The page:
Wednesday, April 9, 2014
Playoffs all that matter with Kane, Toews
By Jon Greenberg
CHICAGO -- It was a beautiful day for a puck-around.
Yes, it was gorgeous outside the United Center, but more importantly, it was the the hockey equivalent of blue skies and sunshine inside at the Chicago Blackhawks' morning skate before Wednesday's regular-season home finale against the Montreal Canadiens.
Patrick Kane and Jonathan Toews are on pace to return for the playoffs.
(I call a morning skate a puck-around. That's patent pending stuff, folks.)
Patrick Kane, the slickest athlete in Chicago, returned to the team skate portion of the team's game-day warm-up session. After four days of working out with coaches, he skated, shot, scored and moved around with the relative elan of, well, Patrick Kane, Chicago's healthiest one-man show north of Chris Sale.
"He's been skating good," poet-warrior coach Joel Quenneville said.
Kane is expected back for the start of the postseason and will miss the final three games of the regular season, as planned. He hurt his knee in a game against St. Louis on March 19 and was put on long-term injured reserve two days later. The prognosis has been rosy from the start, but given hockey's Kremlin-like media policy about injuries, who knew for sure?
Quenneville chuckled and all but dodged a question about Kane's visible left knee brace.
"Everybody has some type of equipment enhancers," he said.
It's just precautionary, Kane said, and it won't hinder his unique blend of speed and grace.
The good news kept coming Wednesday. Captain Jonathan Toews (out with the nasty "upper body flu") is expected to skate Thursday. Quenneville said Toews and Kane will be 100 percent for the first game of the postseason. Not 97 percent, mind you. Someone should've asked why they won't be 110 percent.
Quenneville acquiesced to the media's party line of, "This could be a good thing, right?" and agreed that the extra rest afforded to the Blackhawks' two most important players could be a benefit for a run at repeating as Stanley Cup champions.
Of course, if both were back already, the storyline would be, "It's good that they're getting some games in before the playoffs."
"Yeah, it would've been nice to play some games before the playoffs, but it didn't work out that way due to the length of the injury and how long they wanted me to rest it," Kane said. "There's nothing you can do about it."
C'est la vie, as the Canadiens' media would say. They were in the house Wednesday morning, giving the media pack a playoff feel.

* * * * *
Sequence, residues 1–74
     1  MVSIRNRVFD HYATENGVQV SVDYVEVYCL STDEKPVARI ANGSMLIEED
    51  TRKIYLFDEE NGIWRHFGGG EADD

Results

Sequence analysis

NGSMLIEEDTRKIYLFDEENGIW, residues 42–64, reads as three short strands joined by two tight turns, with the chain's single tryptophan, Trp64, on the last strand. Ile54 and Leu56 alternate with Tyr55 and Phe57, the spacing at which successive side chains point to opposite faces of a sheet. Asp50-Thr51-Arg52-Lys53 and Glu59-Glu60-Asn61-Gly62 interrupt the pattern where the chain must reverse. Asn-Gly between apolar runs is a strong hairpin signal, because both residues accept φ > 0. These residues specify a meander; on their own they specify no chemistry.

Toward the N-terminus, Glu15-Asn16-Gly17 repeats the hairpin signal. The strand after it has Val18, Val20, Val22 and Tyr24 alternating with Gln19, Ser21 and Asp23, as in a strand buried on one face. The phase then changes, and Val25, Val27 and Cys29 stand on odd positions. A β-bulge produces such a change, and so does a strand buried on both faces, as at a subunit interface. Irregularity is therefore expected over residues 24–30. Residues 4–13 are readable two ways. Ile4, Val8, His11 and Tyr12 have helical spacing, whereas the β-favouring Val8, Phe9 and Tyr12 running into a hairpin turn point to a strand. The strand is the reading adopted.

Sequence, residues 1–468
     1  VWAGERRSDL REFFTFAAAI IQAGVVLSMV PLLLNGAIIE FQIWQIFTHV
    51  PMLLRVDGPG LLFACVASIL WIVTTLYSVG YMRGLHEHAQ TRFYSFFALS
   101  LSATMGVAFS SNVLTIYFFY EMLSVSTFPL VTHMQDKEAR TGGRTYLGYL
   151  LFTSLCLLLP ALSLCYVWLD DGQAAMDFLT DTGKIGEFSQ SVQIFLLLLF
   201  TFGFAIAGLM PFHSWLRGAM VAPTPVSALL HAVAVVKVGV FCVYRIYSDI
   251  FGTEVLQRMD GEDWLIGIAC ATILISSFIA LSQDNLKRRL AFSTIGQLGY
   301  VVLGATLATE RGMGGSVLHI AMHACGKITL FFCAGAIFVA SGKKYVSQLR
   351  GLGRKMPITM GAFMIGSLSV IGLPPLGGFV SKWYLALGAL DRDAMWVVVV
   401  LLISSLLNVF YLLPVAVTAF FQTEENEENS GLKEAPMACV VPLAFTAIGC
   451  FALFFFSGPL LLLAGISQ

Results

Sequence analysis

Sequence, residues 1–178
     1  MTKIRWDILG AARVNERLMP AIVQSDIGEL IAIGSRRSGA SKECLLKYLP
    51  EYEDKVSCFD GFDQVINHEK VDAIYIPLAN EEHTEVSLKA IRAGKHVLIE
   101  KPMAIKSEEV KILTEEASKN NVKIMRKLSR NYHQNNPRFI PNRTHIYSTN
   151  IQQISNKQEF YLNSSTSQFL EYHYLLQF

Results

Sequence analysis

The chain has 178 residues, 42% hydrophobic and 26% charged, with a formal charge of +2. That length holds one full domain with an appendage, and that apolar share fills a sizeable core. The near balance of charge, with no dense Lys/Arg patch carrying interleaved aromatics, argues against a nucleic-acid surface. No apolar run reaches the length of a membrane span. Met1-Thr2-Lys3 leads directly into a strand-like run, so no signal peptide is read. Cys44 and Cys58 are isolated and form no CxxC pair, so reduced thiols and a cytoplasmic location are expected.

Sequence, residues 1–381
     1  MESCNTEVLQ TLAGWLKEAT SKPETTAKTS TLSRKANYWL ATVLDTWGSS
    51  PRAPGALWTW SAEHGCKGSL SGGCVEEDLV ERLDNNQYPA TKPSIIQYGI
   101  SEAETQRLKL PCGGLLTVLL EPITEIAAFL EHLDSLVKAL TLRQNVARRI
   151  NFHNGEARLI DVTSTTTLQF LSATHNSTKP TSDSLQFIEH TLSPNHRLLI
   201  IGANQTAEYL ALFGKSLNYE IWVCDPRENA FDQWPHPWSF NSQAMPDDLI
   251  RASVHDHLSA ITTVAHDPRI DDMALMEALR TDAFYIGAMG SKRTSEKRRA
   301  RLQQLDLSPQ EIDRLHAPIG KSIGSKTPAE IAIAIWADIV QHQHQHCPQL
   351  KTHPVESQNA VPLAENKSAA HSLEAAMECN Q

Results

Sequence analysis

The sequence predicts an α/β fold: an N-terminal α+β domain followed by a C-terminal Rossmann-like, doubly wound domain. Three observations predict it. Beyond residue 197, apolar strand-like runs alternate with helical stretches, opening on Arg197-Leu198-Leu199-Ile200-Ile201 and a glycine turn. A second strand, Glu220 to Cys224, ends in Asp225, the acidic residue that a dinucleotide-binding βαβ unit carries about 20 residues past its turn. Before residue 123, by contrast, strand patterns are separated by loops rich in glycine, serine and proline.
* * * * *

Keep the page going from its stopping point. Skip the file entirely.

Hard to believe the postseason is finally here.
Maybe it's because the Blackhawks' post-Olympic muddle, complete with injuries to the team's two best players, has dimmed the Stanley Cup run-up a bit. The Hawks were 35-11-14 going into the Olympics and are 10-8-1 since, thanks to a three-game winning streak heading into Wednesday's game.
The nadir of the season was a 4-1 loss in Pittsburgh on March 30, their fourth loss in five games and, oh yeah, when Toews was knocked out by a hard Brooks Orpik hit.
The Blackhawks have picked it up a touch since then, but all that matters is what happens once the postseason begins.
All the talk about momentum and rest goes out the window and legacies are decided by lucky bounces, ricochets and power-play snipers.
The last time the Blackhawks tried to defend the Cup, the season was a lingering downer thanks to the salary-cap crunch. That team wound up exceeding expectations by taking Vancouver to seven games in the first round.
This season has been harder to define. As of Wednesday afternoon, it looks as though the Hawks won't have home-ice advantage in the first round, likely facing the Colorado Avalanche or St. Louis.
During the regular season, Chicago won one of five against Colorado and two of five against St. Louis. But unlike the previous defending team, Chicago has a full complement of Cup talent if Toews and Kane are healthy.
There is much to be excited about, even if skepticism is high in Chicago. Once Kane and Toews take the ice for a real game, then the real season can begin.